As to the pleas to the second cognizance:

First. Under the attachment law of New Jersey, good may be attached, though not in the possession of the defendant in attachment at the time.

Second. If a stranger claims property in the goods attached, he has a remedy under the fourteenth section of the statute of New Jersey for the relief of creditors against absent and absconding debtors.

Third. A proceeding by attachment in New Jersey is a proceeding in rem. In such cases, it is the possession and control of the property that gives jurisdiction to the court; and it cannot be deprived of its jurisdiction by a co-ordinate or concurrent tribunal, proceeding collaterally and taking the property out of its possession.

Mr Coxe cited 1 Peters’s C. C. R. 245. 1 Paine, 620, 625. Gelston vs. Hoyt, 3 Wheat. 312. 3 Dall. 188. Holt, 643. 1 Shower, 174. Gilbert on Replevin, 166. 1 Mason, 322. 5 Mass. 283. 6 Binn. 2. 2 Wheaton’s Selwyn, 896. 10 Johns. 373. 7 Johns. 143. 14 Johns. 84. Bro. Abr. Replevin, pl. 15, pl. 39, pl. 36. Roll’s Abr. Replevin, B. 2.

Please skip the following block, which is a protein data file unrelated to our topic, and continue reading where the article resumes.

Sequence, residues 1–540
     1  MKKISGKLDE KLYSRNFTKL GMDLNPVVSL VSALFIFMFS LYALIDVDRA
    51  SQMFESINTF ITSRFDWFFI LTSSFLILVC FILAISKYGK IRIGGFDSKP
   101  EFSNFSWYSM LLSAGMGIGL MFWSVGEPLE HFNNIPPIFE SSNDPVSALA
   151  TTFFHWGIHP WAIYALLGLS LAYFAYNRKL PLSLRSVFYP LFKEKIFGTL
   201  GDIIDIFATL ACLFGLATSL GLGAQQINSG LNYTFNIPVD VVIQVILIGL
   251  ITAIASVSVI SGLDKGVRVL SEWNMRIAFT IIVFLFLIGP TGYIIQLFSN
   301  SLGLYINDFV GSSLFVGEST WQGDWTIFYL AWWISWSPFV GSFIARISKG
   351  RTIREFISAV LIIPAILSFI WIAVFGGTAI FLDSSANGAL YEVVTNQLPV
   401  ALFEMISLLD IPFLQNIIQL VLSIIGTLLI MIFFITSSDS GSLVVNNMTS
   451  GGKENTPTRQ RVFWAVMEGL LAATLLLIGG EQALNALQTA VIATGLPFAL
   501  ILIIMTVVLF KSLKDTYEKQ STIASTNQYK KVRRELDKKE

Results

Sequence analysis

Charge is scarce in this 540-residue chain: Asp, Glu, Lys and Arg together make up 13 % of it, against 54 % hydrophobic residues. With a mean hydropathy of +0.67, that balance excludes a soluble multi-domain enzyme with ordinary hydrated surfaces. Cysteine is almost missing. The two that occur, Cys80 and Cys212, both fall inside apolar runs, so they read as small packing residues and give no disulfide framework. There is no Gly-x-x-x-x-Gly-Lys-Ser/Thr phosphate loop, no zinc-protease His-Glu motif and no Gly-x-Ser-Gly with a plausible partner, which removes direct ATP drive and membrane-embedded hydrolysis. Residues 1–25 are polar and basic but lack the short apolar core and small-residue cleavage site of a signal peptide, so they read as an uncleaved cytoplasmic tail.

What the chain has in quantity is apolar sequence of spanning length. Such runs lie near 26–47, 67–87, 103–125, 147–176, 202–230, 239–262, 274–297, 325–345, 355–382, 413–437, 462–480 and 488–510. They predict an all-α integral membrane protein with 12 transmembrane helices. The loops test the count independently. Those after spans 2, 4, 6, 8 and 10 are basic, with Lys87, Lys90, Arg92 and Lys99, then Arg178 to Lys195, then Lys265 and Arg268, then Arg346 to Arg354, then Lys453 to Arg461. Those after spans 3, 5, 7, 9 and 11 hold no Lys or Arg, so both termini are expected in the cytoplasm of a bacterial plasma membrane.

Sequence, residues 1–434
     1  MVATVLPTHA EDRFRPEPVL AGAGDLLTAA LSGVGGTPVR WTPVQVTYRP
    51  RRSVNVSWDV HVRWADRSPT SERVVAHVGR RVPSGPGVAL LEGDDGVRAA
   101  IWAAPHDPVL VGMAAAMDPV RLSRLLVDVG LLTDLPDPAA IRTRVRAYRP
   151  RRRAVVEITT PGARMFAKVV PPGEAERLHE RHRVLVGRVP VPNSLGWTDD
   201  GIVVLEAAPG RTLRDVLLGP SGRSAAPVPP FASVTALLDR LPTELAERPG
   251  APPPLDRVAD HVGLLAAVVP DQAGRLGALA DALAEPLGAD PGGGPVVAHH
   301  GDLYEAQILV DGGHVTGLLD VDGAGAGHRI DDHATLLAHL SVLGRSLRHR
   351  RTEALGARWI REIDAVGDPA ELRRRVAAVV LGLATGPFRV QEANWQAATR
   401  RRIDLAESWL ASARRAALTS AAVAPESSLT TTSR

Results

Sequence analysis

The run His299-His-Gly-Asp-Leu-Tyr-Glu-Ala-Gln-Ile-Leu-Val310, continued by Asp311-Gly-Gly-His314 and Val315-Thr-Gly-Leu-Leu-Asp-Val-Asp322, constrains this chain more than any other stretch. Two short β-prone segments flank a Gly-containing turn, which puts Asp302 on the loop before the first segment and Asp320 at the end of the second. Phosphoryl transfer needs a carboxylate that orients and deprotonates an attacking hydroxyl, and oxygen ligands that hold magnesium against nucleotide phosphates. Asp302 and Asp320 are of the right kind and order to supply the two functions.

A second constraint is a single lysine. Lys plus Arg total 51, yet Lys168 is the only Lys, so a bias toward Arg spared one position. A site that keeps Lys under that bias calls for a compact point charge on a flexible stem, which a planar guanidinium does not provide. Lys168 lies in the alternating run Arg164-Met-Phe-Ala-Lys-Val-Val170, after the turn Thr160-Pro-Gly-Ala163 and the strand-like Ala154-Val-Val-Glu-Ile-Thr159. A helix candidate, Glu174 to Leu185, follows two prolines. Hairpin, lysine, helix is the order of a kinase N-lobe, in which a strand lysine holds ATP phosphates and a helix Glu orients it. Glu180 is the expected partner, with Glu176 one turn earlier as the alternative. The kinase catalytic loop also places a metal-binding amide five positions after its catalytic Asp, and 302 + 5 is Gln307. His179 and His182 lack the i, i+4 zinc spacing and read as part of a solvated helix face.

Mr Justice JOHNSTON delivered the opinion of the Court.


The facts and merits of this case lie in a very narrow compass.


The action is replevin, sued out of the circuit court of the United States for the district of New Jersey. The case presented by the pleadings in this. In the year 1827, one Higgins sued out several attachments in the state court, both against this plaintiff and one R. M. Livingston. Smith is sheriff of the state and, as such, on the 2d of November, he arrested a steamboat, as the property of R. M. Livingston; and again, on the 4th of the same month, he seized the same boat as the property of this plaintiff, J. R. Livingston.


J. R. Livingston, being a citizen of New York, brings this suit in a court of the United States, and counts in the ordinary form of the declaration in replevin. Smith avows and justifies under the two attachments; and Livingston, in a variety of replications, seeks to repel this justification: